“Do I just start drinking bleach? What can I do to stop this? I just want my life back.”
But then she found Laurie through the National Network of Abortion Funds website and gave her a call.
“It wasn’t until I talked to [Sarah] and Laurie on the phone and she said to me, ‘No matter what, until this is taken care of, we’ve got you,’ that I realized I had to stop saying to myself, ‘OK, I’m just gonna have to have a kid,’” A. said. “Because I had no options. I was literally like, do I just start drinking bleach? What can I do to stop this? I just want my life back.”
She and Laurie spoke on the phone for three hours, she said. What she liked about Laurie is she didn’t make A. feel pitied or guilty: “She made me feel like something fucked up had happened to me and that she was gonna help me fix it.”
And Laurie did. The fund doesn’t always cover the whole cost of the abortion as well as food and lodging. A.’s procedure cost about $2,000, and the housing and transportation for the two trips cost more than $800. But thanks to the recent uptick in donations, they had the money to cover it all.
The fund swooped in just in time — a week later and it would have been too late. The Little Rock Family Planning Services clinic doesn’t perform abortions after 21 weeks from the patient’s last period, and next month a new state law is scheduled to go into effect that would ban abortions after 18 weeks. This law could be blocked in court for a time, but similar bans in other states have been allowed by judges to go into effect, so nothing is certain.
By about noon, they had finally made it. The clinic only allows patients to have one person with them, so Sarah accompanied A. This is one of the most important roles of an abortion doula for women who don’t have family, friends, or partners to go with them. When they’re doing this work, Sarah and her sisters essentially act in place of those people but with more information; waiting in the waiting room with the patient, helping them check in, hearing their concerns, answering their questions, and comforting them if necessary. They also receive the instructions of care alongside the patient so that if the patient forgets or gets overwhelmed, the doula can help her with the medication schedule or tell her what she can and can’t do before and after the abortion.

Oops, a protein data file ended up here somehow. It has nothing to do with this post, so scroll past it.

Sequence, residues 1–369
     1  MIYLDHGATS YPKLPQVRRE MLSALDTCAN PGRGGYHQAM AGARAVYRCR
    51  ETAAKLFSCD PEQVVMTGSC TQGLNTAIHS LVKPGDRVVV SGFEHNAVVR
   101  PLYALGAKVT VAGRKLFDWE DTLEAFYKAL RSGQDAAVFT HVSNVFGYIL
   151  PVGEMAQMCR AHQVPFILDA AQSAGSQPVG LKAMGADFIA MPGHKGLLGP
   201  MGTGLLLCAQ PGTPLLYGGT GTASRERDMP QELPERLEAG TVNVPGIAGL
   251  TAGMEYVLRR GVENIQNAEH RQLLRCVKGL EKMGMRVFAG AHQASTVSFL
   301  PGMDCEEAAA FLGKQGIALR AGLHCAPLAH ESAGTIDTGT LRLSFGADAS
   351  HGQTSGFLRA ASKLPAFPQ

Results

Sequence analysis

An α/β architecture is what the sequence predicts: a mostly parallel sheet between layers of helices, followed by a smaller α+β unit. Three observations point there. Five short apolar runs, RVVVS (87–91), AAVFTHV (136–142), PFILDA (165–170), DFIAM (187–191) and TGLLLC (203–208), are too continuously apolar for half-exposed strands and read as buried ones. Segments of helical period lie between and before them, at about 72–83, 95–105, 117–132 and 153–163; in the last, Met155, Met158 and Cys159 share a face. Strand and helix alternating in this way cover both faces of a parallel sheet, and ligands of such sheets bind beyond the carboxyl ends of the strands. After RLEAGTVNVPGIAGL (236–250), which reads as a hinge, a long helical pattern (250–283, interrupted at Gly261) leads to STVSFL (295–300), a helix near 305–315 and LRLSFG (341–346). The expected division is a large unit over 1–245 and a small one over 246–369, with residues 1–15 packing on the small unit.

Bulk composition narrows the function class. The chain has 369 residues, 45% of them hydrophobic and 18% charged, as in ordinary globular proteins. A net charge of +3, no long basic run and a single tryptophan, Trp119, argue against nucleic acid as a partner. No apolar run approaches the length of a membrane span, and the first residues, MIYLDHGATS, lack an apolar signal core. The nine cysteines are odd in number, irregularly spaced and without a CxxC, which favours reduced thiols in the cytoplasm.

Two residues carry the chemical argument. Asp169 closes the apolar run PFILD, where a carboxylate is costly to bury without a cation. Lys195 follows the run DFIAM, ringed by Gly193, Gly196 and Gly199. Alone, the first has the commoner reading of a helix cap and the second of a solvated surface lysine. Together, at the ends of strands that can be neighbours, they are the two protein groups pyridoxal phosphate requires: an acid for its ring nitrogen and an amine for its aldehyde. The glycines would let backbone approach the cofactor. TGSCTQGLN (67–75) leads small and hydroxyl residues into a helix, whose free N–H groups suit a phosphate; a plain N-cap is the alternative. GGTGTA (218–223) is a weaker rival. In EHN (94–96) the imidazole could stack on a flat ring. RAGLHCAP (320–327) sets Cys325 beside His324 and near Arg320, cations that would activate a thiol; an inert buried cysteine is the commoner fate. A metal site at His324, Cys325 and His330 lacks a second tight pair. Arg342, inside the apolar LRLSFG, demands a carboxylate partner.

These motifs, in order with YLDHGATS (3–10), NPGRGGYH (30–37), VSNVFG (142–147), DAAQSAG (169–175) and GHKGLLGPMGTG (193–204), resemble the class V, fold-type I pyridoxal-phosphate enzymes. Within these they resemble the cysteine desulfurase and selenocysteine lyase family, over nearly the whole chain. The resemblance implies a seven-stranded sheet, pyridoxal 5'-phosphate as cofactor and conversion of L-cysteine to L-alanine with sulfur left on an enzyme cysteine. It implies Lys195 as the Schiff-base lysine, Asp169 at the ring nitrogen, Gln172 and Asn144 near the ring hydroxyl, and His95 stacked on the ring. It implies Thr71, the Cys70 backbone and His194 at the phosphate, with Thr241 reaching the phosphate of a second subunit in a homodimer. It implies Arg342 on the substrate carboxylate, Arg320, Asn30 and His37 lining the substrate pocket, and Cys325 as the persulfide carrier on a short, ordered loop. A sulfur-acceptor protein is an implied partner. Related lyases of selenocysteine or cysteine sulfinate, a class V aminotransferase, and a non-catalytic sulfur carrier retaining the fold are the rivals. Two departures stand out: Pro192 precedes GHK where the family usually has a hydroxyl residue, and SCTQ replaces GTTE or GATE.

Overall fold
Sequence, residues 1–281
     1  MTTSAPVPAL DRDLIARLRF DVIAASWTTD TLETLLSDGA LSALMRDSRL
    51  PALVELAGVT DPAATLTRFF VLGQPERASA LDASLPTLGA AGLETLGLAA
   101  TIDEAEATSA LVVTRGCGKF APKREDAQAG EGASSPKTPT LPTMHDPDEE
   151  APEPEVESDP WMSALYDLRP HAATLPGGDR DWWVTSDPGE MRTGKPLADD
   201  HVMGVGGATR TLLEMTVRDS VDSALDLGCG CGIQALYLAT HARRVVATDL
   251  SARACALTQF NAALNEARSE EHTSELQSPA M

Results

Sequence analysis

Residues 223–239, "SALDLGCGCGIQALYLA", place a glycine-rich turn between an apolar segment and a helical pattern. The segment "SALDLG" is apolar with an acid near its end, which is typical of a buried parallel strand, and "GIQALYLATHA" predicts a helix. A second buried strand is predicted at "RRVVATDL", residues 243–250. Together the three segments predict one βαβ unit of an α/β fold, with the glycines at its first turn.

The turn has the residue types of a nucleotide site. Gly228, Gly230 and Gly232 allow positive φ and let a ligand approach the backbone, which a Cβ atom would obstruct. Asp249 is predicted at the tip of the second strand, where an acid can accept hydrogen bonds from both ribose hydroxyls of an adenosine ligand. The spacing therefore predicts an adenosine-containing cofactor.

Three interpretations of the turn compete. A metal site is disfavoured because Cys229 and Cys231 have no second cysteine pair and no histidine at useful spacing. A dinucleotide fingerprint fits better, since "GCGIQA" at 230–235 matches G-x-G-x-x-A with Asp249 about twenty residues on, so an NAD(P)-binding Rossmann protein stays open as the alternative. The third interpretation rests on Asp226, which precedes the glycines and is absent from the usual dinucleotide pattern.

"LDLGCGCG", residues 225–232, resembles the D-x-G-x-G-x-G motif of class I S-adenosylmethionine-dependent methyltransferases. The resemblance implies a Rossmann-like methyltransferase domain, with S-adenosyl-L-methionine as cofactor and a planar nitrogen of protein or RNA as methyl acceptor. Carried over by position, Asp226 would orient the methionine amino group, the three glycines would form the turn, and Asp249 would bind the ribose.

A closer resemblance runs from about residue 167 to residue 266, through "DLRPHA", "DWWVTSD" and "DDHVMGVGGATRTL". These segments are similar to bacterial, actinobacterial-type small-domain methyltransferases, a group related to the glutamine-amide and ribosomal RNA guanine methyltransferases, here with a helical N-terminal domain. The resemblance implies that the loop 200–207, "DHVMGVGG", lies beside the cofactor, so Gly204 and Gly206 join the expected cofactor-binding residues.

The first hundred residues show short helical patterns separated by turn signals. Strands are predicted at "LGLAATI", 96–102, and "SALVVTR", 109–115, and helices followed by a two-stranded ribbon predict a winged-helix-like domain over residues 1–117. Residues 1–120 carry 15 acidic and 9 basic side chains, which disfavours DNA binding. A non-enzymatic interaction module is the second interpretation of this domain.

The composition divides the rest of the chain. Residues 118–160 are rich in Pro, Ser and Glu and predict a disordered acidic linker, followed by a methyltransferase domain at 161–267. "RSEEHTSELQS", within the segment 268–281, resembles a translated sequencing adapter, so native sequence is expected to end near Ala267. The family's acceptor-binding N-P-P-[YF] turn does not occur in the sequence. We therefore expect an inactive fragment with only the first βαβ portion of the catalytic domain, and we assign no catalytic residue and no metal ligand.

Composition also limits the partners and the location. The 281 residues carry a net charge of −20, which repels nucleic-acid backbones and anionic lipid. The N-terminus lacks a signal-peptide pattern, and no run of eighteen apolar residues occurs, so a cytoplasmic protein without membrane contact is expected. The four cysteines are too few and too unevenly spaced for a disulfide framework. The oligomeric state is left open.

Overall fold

These instructions are particularly elaborate in the case of second-trimester abortions like A.’s. During the first procedure, the clinic workers inserted sterilized pieces of seaweed into A.’s cervix to help soften it and gave A. a sheet of paper containing instructions for dos and don’ts before the procedure — “You must not eat or drink after midnight,” “Take ibuprofen even if you’re not in pain” — and a complicated medication schedule that the clinicians had highlighted in different colors to help A. understand it.
Throughout the evening after the first appointment and the morning before the second, Sarah woke A. up at the necessary intervals to give her the scheduled medication and painkillers and to give her anything else that could help with the pain, like a sock filled with rice that could be microwaved into a heating pad.
“I’m so glad you’re here, honestly,” A. told Sarah the next day. “I would’ve taken all the pills at the wrong times and just slept through the schedule. I wouldn’t have been able to do this without you.”
Every member of Laurie’s family came to this work in a different way. Laurie grew up “a pin-wearing, March for Life–going pro-lifer,” as she put it, but came to devote her life to abortion rights slowly over the years. It started when her mother had a miscarriage. Laurie saw the fetus and realized that the evangelical Christian church she belonged to and the anti-abortion media she consumed misrepresented what a fetus looked like; it didn’t look like a shrunken-down baby to her; it looked like a tadpole. When she later moved from the white evangelical church to a black evangelical church, she said that she felt she was no longer being told what to think and that she could explore her own ideas and opinions. And those opinions, she eventually realized, were fundamentally opposed to those of her church.